Led by what coaching staff describes as a “natural football player” with incredible ball-handling skills and an aggressive defense that just wouldn’t give the Lady Eagles offense from West High School any breathing room, the Lady Mustangs flag football team took victory over West by a score of 12-7 netting them the first CHS flag football championship since 2008.
“She is simply amazing,” Marilyn Campnell, CHS head flag football coach said of Chasity Horn, the team’s freshman quarterback who many expect to be a driving force in local high school flag football for the next three years. “She knows when to hold; she knows when to run. She really fires up the team on offense and on defense.”
Horn rushed for both CHS touchdowns and ended the game with a total of 223 yards passing and rushing.
“We were able to capitalize on the runs to the outside and that helped us as well as sticking together as a team,” Horn told The ECHO News.
Despite her performance that any boys’ football quarterback could easily envy, Horn gave credit to her team and coach saying, “I just couldn’t ask for a better team. They supported me all season through the ups and the downs and we couldn’t ask for a better coach. She definitely pushed us to our limit all season and she believed in us.”
Even in the Sat., Oct. 15 game that began with a scoreless first half featuring a stripped ball in the end zone on what would have been a CHS touchdown, Campnell said she kept telling her girls that this was their victory.
It didn’t matter that they as the fifth seed were playing the third seed Eagles. It didn’t matter that CHS had a record of 10-7 going into the game versus East’s record of 13-4.
What mattered was the play during the game and the score when the final whistle blew.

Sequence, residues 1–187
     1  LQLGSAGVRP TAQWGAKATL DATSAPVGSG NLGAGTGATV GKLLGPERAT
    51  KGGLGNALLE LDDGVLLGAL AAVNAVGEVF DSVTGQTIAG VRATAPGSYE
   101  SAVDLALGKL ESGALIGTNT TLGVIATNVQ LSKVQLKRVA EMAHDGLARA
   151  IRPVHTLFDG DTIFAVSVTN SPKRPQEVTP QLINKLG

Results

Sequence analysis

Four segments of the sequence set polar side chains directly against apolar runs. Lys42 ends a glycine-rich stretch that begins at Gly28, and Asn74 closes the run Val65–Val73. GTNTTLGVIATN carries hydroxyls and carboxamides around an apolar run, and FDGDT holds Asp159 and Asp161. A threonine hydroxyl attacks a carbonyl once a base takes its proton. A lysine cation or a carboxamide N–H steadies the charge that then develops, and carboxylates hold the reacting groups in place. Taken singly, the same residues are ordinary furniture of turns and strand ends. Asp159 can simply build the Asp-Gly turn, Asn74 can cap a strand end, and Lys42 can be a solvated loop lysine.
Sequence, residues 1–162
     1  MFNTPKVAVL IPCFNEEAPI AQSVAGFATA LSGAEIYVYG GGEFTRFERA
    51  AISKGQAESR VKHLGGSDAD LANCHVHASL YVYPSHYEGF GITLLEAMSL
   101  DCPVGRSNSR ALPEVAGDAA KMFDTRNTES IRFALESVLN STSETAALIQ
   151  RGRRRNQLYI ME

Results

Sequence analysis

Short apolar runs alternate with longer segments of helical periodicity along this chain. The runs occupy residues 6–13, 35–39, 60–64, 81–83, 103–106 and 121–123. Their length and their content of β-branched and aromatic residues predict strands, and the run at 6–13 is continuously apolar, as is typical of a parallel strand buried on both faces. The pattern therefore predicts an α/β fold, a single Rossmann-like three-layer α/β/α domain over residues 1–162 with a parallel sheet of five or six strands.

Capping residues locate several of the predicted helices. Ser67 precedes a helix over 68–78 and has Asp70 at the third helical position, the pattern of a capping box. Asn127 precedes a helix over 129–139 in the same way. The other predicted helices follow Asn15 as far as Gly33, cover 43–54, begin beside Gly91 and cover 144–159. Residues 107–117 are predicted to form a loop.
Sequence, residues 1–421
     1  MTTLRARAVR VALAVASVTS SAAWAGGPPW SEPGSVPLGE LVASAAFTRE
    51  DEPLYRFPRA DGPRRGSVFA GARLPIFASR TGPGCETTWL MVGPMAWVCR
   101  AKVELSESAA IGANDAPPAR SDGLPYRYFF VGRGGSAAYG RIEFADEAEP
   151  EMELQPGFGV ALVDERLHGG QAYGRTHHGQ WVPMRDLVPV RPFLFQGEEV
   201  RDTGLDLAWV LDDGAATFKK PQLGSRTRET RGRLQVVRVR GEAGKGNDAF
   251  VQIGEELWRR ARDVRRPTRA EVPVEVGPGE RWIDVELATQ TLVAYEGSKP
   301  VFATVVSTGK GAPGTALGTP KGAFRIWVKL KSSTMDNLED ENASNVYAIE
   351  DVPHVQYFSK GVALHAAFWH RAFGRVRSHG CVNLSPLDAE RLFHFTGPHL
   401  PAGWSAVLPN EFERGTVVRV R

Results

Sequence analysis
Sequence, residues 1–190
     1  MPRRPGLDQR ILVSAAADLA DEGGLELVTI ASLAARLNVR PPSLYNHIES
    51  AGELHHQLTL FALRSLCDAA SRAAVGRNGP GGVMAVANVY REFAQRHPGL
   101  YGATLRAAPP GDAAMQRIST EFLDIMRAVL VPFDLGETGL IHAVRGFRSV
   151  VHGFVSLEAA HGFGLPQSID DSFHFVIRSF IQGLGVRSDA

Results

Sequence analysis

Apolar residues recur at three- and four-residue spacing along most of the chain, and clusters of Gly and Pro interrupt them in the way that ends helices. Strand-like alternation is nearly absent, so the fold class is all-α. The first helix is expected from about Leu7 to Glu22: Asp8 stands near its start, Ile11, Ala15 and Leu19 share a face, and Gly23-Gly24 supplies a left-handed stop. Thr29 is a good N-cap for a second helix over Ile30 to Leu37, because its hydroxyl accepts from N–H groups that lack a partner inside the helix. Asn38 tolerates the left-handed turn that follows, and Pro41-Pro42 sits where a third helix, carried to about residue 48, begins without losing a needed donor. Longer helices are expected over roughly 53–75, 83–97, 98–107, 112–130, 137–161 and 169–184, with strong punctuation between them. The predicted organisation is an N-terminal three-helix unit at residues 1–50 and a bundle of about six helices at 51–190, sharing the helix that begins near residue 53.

CHS was first to score in the second half with a five-yard run by Horn early in the third quarter. In the fourth quarter, Horn added another touchdown to the Mustangs score with a nine-yard run.
Overall, she completed eight of 16 passes for 97 yards and carried the ball 18 times for 126 yards. An interception by Horn while playing on defense was negated by a penalty.
West scored a touchdown in the final two minutes of the game on a 16-yard pass from Rebecca Syrup, Eagles’ quarterback to Myah Brennan.
Yet it wasn’t enough to snatch a victory from the Lady Mustangs.
West Coach Travis Cantrell told media after the game, “We just ran out of time. We just couldn’t stop her,” he said in reference to Horn.
Campnell admits Horn is a dynamo. She plays with heart and with personality, the head coach in her eighth year at CHS said. She’s not sure she’s seen any player quite like Horn.
Admittedly, Horn has poise and is unpredictable, Campnell said.
She is also full of unending school spirit. Fans of boys’ football came to expect her at games wearing face paint and a jersey and sitting in the front row in between running up and down the front of the bleachers revving up the crowd. She is a basketball player and her antics are expected on the hardwood this coming season.
She cheers loud, but if you ask her who to credit for her love of being an athlete, she readily lists her coach, her parents and her grandmother – the latter who hasn’t missed a game.
“Even when it got super cold, she was sitting through it just to cheer me on and be there for me,” Horn said.
That feeling of camaraderie on and off the field is echoed by Eva Palmer – a CHS flag football nose guard and wide receiver with five pulls in the championship game against West – who said she believes the Lady Mustangs were victorious because of Campnell’s leadership.
“She knew that our team could accomplish anything we poured our hearts into,” Palmer said.
That includes community service: The Lady Mustangs celebrated their victory by volunteering as scary clowns, dragons, werewolves and zombies at the Boo at the Beach on Oct. 15 sponsored by the Chugiak-Eagle River Parks and Recreation.
“We are out scaring people,” Campnell said via a cell phone call.